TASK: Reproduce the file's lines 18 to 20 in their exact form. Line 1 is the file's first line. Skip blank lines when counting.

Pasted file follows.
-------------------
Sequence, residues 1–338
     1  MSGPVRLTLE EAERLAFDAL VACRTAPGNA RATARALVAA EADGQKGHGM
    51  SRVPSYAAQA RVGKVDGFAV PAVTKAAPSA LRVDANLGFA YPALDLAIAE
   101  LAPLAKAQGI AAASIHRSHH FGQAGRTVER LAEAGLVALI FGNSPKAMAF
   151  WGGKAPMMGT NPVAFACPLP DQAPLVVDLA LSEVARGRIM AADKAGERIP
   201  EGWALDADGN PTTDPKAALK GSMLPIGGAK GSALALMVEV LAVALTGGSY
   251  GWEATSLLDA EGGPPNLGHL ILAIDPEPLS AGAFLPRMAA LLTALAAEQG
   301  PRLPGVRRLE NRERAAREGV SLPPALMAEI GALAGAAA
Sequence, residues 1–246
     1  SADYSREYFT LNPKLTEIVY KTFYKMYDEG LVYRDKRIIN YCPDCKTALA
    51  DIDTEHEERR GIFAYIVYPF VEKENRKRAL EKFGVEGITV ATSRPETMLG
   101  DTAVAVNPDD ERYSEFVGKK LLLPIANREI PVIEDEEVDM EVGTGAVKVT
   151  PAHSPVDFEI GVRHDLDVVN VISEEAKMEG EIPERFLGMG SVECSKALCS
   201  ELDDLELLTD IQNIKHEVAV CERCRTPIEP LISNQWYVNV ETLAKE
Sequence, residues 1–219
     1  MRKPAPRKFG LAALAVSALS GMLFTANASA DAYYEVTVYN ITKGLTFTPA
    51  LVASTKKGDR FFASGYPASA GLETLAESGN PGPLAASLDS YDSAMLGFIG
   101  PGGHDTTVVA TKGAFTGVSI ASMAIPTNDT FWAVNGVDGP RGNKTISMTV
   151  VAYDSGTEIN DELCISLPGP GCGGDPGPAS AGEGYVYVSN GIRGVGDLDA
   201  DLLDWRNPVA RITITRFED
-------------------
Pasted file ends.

   101  PGGHDTTVVA TKGAFTGVSI ASMAIPTNDT FWAVNGVDGP RGNKTISMTV
   151  VAYDSGTEIN DELCISLPGP GCGGDPGPAS AGEGYVYVSN GIRGVGDLDA
   201  DLLDWRNPVA RITITRFED